... .15, where the god Nergal, rather than the planet Mars, is featured as king of battle and lord of the storm etc.). Furthermore, on p.xxiii of his introduction, Muller writes: "There can be no doubt about the meaning of the name, whatever difference of opinion there may be about its etymology. Marut and maruta in ordinary Sanskrit mean wind, and more particularly a strong wind, differing by its violent character from Bvayu or vata. Nor do the hymns themselves leave us in any doubt as to the natural phenomena with which the Maruts are identified. Storms which root up the trees of the forest, lightning, thunder, ...
Terms matched: 1  -  Score: 4  -  26 Mar 2007  -  URL: /online/pubs/books/vel-sources/source-2.htm
... on the change in the agitated deep, Varuna was no longer a shiner, but Mitra came as the "new born sun". This appearance of Mitra from his concealment in the upper heavens was mistaken for his rise from the underworld. The fact that Varuna lost his power as Mitra came forth ought to settle this problem. The etymologists tell us that in the name Varuna the root var means "water", and we learn the important truth that Varuna was a watery heaven, and a shining one, too, and for this very reason he had to be a coverer, and a sun-regent. All Vedic scholars will admit that the sun as a power is ...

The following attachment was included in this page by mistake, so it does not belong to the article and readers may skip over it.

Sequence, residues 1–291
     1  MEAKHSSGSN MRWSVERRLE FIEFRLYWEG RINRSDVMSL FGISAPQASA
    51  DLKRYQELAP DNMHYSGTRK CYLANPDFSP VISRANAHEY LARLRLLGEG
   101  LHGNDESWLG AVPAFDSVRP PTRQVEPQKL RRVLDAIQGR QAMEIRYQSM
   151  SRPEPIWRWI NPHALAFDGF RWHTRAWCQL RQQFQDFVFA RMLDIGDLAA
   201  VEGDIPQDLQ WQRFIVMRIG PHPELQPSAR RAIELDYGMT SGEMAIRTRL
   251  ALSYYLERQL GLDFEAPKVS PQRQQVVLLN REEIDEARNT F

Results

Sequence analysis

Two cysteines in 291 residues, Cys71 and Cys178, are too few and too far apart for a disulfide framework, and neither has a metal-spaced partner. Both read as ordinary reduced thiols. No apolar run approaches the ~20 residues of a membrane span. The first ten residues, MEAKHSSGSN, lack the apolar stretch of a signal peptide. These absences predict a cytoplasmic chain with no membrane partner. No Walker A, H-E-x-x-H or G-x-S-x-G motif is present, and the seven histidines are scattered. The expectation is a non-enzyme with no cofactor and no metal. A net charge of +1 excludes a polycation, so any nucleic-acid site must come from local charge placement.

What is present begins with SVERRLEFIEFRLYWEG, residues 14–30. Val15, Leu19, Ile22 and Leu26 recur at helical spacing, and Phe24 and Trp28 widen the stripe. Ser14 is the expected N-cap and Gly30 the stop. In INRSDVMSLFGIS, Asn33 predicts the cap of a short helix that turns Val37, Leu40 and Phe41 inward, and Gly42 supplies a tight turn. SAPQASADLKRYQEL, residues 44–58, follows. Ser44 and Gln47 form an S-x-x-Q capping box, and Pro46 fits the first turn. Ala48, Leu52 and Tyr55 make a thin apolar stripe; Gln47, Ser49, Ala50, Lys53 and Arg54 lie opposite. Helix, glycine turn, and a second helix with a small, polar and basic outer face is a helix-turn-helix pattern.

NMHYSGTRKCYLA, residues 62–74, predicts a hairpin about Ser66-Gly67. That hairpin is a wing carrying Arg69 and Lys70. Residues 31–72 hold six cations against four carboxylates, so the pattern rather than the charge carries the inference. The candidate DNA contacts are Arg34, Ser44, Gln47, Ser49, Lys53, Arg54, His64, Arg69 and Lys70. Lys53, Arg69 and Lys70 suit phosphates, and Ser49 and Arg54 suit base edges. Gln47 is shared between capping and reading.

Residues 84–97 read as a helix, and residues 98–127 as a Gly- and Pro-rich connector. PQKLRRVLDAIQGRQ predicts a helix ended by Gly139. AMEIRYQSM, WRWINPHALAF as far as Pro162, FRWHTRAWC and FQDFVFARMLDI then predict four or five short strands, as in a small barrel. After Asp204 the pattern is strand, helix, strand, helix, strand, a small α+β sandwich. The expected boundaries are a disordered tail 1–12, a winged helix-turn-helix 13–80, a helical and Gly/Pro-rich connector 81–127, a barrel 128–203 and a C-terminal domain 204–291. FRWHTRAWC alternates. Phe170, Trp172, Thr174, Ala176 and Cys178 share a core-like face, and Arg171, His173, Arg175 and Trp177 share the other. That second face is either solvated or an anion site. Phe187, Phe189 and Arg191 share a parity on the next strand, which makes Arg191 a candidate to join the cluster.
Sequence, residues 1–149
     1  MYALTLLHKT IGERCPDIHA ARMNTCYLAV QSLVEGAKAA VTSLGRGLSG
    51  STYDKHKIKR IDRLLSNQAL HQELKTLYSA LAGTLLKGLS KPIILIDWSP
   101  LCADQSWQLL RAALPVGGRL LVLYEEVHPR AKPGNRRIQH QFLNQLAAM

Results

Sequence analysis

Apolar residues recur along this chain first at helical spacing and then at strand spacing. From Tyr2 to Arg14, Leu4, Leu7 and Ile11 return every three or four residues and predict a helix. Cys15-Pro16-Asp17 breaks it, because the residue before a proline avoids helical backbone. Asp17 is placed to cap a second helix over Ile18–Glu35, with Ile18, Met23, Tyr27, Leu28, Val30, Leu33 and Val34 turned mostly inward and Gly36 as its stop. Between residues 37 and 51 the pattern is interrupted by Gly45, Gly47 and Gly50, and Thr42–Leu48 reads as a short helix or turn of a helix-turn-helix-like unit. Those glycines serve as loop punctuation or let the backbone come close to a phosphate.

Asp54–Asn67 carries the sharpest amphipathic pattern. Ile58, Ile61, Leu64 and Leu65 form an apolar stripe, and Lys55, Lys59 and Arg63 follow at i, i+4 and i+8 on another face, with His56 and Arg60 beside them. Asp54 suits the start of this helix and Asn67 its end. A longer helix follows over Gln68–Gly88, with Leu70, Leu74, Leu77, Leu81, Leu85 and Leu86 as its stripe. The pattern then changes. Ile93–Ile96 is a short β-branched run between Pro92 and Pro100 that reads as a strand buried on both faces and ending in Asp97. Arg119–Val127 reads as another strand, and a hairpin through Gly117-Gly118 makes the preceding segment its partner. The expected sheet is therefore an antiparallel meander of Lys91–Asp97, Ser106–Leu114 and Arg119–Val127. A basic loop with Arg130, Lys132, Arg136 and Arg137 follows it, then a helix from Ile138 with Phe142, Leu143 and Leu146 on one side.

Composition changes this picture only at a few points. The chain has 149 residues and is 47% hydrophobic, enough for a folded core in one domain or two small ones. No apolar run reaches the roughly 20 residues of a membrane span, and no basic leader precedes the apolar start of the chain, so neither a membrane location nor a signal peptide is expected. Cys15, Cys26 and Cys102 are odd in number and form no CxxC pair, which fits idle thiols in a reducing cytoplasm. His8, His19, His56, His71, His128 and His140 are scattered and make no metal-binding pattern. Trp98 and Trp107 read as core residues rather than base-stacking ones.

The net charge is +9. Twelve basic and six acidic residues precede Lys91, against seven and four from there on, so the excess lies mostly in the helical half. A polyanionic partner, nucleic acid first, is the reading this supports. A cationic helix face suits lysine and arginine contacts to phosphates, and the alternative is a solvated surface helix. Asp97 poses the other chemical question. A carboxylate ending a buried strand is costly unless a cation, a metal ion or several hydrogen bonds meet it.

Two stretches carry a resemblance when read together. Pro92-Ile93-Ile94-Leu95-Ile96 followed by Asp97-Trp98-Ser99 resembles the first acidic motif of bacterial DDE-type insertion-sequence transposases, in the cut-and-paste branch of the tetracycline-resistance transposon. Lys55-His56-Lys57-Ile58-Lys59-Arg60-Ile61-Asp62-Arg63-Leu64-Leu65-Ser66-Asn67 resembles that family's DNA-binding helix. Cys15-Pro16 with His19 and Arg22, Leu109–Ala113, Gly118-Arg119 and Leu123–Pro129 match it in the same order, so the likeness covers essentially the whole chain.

Terms matched: 1  -  Score: 4  -  19 Jun 2005  -  URL: /online/pubs/books/vail/misread.htm
225. Hittites and Phrygians [Journals] [Catastrophism & Ancient History]